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Pakistan Says Ready to Account for Spending US Aid Amid Trump’s Critical Remarks

© Sputnik / Grigoriy Sisoev / Go to the mediabankPakistani Minister of Defense Khawaja Muhammad Asif
Pakistani Minister of Defense Khawaja Muhammad Asif - Sputnik International
MOSCOW (Sputnik) - Pakistani Foreign Minister Khawaja Asif said that Pakistan was ready to provide all details regarding the funds received from the United States amid US President Donald Trump’s critical remarks about Islamabad and its anti-terror policy.

"We have already told the US that we will not do more, so Trump’s ‘no more’ does not hold any importance … Pakistan is ready to publicly provide every detail of the US aid that it has received," Asif told Geo TV in an interview published on Monday, adding that Pakistan did not want US aid.

He stressed that Trump was accusing Pakistan due to "the US defeat in Afghanistan."

Earlier on Tuesday, the Pakistani Foreign Ministry reportedly summoned US Ambassador to Pakistan David Hale over Trump’s remarks.

At the same time, Former Afghan President Hamid Karzai has welcomed Trump’s critical remarks about Islamabad and its anti-terror policy.

"President @realDonaldTrump tweet on Pakistan's duplicitous position over the past 15 years is vindication that the war on terror is not in bombing Afghan villages and homes but in the sanctuaries beyond Afghanistan. I welcome today's clarity in President Trump's remarks and propose a joint US — regional coalition to pressurize the Pakistan military establishment to bring peace to not just Afghanistan but the entire region," Karzai said Monday on Twitter.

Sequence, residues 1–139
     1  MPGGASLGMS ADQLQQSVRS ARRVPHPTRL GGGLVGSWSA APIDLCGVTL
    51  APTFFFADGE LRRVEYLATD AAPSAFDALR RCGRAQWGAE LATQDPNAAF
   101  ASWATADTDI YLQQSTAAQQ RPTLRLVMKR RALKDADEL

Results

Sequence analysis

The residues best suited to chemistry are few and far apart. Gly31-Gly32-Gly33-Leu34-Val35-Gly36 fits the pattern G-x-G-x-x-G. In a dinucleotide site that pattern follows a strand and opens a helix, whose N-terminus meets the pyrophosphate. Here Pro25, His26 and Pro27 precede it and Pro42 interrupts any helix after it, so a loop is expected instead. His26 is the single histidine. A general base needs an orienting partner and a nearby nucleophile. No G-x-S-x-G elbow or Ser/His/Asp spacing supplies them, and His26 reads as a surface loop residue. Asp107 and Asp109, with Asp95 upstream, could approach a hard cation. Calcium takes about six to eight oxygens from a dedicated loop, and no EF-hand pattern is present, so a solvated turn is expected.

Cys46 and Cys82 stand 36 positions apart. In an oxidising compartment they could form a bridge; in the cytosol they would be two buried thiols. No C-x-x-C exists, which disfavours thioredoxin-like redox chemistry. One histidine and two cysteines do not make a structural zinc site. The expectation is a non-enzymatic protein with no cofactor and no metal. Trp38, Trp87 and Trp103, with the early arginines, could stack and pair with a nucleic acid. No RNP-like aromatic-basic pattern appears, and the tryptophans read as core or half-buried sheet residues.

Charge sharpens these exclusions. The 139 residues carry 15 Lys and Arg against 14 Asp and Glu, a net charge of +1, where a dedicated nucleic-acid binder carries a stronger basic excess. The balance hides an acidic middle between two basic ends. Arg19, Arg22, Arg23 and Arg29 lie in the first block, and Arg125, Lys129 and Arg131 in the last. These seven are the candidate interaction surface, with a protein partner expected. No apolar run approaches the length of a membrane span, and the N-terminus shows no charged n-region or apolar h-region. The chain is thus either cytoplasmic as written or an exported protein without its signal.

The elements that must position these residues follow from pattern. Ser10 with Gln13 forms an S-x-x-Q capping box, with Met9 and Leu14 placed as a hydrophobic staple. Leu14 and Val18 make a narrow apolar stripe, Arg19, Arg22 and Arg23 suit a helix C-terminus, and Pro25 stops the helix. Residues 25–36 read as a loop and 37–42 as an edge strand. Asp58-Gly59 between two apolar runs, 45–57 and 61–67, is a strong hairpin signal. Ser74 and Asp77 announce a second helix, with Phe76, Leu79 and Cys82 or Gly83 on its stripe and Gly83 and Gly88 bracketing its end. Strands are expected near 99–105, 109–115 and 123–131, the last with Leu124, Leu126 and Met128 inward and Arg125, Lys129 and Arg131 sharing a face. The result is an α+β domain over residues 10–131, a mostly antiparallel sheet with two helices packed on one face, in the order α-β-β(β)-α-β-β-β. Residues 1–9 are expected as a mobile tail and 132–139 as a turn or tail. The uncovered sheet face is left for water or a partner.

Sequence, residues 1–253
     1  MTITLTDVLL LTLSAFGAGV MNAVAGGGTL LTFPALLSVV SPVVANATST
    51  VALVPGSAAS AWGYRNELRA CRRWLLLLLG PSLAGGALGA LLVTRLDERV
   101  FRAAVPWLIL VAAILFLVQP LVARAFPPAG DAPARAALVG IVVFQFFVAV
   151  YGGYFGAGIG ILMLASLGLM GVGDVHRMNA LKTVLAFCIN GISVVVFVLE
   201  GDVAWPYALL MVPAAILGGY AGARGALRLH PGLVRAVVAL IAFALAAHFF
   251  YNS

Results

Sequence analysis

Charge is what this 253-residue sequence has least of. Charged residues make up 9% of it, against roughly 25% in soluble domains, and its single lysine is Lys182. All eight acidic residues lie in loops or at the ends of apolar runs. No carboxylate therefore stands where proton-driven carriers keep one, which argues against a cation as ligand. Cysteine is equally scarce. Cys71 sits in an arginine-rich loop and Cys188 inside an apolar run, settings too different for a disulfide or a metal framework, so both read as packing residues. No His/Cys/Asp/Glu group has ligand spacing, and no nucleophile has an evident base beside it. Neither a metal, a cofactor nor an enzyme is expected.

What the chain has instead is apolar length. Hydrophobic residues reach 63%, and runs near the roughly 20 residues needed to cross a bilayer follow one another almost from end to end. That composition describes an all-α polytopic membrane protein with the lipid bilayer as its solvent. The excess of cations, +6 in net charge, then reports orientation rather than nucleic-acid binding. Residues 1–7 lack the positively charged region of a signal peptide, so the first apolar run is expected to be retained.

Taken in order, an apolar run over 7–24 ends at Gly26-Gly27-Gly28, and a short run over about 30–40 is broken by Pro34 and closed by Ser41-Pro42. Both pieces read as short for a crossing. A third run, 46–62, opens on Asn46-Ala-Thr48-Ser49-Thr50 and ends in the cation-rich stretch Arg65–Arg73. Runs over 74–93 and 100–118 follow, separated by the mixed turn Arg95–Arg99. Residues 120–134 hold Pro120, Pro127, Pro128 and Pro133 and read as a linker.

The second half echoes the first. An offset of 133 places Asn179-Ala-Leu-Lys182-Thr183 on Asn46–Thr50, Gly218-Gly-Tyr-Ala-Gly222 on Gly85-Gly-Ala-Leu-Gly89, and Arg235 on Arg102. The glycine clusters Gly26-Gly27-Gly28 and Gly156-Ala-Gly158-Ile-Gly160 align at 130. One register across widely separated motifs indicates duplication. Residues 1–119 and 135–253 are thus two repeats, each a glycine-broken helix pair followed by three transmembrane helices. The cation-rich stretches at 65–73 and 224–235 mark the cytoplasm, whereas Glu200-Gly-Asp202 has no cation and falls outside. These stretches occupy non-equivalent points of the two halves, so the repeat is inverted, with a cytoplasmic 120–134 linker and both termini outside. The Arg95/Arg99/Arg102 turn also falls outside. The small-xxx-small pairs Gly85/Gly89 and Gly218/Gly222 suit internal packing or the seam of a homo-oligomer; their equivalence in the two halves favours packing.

A US Predator unmanned drone armed with a missile setting off from its hangar at Bagram air base in Afghanistan. File photo - Sputnik International
Pakistan Pushback: Trump Terror Comments Draw Fire From Islamabad
The reaction followed Trump's message on Twitter, where he wrote that the United States had allocated millions of dollars in aid to Pakistan, while the latter had not contributed to countering terrorism and provided safe harbor to terrorists from Afghanistan. The US president vowed to stop providing financial aid for Pakistan.

Pakistan is a US partner in southern Asia. Meanwhile, the Taliban terror movement outlawed in Russia, uses territories in northern Pakistan for its bases. Moreover, Osama bin Laden, the former leader of al-Qaeda terrorist organization (also banned in Russia), who was responsible for the 9/11 attacks, was found and killed by US forces in Pakistan in 2011.

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